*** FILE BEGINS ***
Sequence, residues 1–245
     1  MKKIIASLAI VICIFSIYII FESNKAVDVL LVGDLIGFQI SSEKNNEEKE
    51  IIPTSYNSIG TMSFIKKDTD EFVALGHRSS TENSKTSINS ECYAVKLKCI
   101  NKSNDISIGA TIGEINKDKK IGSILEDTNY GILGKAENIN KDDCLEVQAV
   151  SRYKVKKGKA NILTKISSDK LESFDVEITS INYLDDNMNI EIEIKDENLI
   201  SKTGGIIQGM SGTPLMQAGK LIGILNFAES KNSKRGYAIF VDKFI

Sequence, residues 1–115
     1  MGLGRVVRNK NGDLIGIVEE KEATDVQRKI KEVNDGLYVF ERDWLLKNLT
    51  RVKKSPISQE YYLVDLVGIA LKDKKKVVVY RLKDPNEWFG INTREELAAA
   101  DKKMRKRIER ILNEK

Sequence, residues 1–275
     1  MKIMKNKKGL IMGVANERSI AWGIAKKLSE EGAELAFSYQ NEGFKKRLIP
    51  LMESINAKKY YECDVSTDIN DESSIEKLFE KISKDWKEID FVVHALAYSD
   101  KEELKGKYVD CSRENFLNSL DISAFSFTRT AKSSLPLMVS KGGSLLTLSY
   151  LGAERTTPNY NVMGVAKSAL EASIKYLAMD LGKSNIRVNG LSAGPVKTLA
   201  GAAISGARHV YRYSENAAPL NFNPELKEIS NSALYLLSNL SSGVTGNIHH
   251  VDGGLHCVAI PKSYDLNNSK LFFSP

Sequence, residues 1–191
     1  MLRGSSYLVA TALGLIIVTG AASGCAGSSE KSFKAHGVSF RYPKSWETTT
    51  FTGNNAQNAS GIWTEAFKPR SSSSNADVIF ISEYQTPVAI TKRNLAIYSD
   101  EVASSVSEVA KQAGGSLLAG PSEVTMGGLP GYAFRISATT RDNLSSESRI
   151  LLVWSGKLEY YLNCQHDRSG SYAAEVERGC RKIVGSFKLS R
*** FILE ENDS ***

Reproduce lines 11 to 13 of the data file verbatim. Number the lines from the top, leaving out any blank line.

Sequence, residues 1–275
     1  MKIMKNKKGL IMGVANERSI AWGIAKKLSE EGAELAFSYQ NEGFKKRLIP
    51  LMESINAKKY YECDVSTDIN DESSIEKLFE KISKDWKEID FVVHALAYSD